As he settles in to his new surroundings as California’s fortieth governor, Gavin Newsom will find it hard to escape Ronald Reagan, the last man to serve as both governor of California and president of the United States.
The private space in which Newsom will tend to state business is officially known as the Ronald Reagan Cabinet Room, in honor of the man who served as California’s thirty-third governor from 1967 to 1975.
Should Newsom and wife, Jennifer (both Marin County natives), and their four young children decide to permanently reside in the governor’s mansion, they’ll be the first family to do so since the Reagans and their two kids.
Another possible parallel to “The Gipper” hinges on whether Newsom will give in to the same temptation as Reagan (and Reagan’s successor and Newsom’s predecessor, Jerry Brown) and spend the better part of the first two years of his governorship seeking his party’s presidential nomination.
Newsom should heed these Reaganesque words of caution—that’s Nancy Reagan, not her husband: “Just say no.”
Time and again Newsom has denied interest in a 2020 run. Sometimes, he’s done it colorfully: “Oh, God, no—all that other stuff is absolutely, unequivocally—it’s just, not even of any passing interest to me,” Newsom told a reporter in June. “It really isn’t. None. Looking you in the eye when I say this. None.”
But what happens when Newsom’s political brain trust looks the emerging Democratic field in the eye?
They’ll notice that the slate of contenders is wobbly at the top. (Former vice president Joe Biden, Vermont senator Bernie Sanders, and Massachusetts senator Elizabeth Warren all have apparent flaws.) Unlike 2016, no one Democrat is likely to enter the primaries having cornered the market on money and organization.
Team Gavin will notice that, in a party fueled by animus toward President Trump, few are more outspoken than the Twitter-bombing Newsom.
They’ll also note that the road to the Democratic nomination runs through California, on the first Tuesday in March (the same day as eight other states, including Massachusetts, North Carolina, and Texas).
And they’ll notice a pattern: the last four non-incumbent Democrats to win the presidency—John F. Kennedy, Jimmy Carter, Bill Clinton, and Barack Obama—ranged in age from forty-three (JFK) to fifty-two (Carter); all were fathers to preteen or younger children. The youthful Newsom will turn fifty-three a month before Election Day 2020. He’s the father to four kids all under the age of ten.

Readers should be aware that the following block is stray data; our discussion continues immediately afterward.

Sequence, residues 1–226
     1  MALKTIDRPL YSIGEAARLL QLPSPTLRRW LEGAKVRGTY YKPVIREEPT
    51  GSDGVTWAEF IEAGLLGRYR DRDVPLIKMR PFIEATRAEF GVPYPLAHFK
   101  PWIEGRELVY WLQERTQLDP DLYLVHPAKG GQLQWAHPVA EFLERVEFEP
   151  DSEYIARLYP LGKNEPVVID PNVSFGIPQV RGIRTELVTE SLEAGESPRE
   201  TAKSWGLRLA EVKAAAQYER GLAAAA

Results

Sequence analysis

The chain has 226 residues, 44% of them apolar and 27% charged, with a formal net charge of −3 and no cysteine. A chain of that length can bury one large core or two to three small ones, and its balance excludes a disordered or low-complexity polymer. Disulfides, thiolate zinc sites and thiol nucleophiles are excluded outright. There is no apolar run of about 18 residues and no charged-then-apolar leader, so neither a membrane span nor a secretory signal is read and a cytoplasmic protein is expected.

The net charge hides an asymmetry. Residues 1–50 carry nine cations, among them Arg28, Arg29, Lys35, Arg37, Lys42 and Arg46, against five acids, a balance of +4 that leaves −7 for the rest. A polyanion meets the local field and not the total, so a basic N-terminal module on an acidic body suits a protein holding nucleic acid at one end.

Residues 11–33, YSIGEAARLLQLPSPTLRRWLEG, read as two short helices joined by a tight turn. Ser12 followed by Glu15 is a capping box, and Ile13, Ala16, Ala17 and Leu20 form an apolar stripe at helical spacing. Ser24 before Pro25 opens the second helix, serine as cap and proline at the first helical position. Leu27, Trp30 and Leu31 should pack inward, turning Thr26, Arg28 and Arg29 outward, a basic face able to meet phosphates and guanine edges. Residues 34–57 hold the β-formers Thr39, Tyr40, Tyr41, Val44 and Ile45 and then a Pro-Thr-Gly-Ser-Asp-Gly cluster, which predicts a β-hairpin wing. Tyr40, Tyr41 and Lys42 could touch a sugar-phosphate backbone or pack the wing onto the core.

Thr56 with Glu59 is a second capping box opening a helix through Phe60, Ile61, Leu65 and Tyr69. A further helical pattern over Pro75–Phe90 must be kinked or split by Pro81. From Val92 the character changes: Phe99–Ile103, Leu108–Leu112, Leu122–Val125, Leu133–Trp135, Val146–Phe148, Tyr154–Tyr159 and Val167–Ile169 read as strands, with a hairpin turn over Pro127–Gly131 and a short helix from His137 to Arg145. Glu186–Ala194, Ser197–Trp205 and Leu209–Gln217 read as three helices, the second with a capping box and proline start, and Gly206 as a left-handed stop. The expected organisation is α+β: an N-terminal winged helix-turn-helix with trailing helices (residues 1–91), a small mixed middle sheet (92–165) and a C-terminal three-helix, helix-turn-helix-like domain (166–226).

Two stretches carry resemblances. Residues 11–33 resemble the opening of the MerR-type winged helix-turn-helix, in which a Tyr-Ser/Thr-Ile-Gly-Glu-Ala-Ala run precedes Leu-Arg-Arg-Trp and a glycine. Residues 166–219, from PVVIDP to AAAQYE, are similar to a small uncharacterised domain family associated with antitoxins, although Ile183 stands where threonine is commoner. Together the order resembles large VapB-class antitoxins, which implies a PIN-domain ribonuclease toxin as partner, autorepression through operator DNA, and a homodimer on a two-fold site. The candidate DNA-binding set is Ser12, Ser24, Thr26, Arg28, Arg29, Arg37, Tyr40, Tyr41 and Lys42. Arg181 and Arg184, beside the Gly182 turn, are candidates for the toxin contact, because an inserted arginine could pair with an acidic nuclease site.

So now that I’ve laid out the arguments in favor of a Newsom run, here’s the reason why he should say no: it’s not the same cat-and-mouse game that Ronald Reagan played fifty-plus years ago.
In 1967, a newly elected Reagan spent his weekdays in California and his weekends traveling beyond the Golden State to parts of the country targeted by his political tram—i.e., testing the presidential waters.
On October 25 of that year, two weeks after Gavin Newsom entered the world in San Francisco (the future governor was born 281 days after Reagan took office), Reagan was in Iowa giving a fund-raising speech on out-of-control federal spending—in the process, sounding very much like a presidential candidate.
Three weeks after Reagan’s speech, Michigan governor George Romney (Mitt’s father) became the first prominent Republican to announce his formal candidacy. Richard Nixon followed suit on February 1, six weeks before the New Hampshire primary. One month after Nixon threw his hat in the ring, New York governor Nelson Rockefeller said he was “ready and willing” to run “if called” by his party.
And Reagan? On March 25, his press secretary confirmed that California’s governor would have a political operation at the Republican National Convention. Five weeks later, Reagan’s team began issuing position papers. In mid-July, he barnstormed across the South, meeting with convention delegates in Arkansas, Maryland, Texas, and Virginia. On August 5, just three days before Nixon won the GOP nomination, Reagan made formal his candidacy.
Why such moves that were too cute by half? Because the Reagan strategy wasn’t to win states and enter the convention with the most delegates, but instead to stop Nixon from winning on the first ballot.
Which Reagan failed to do.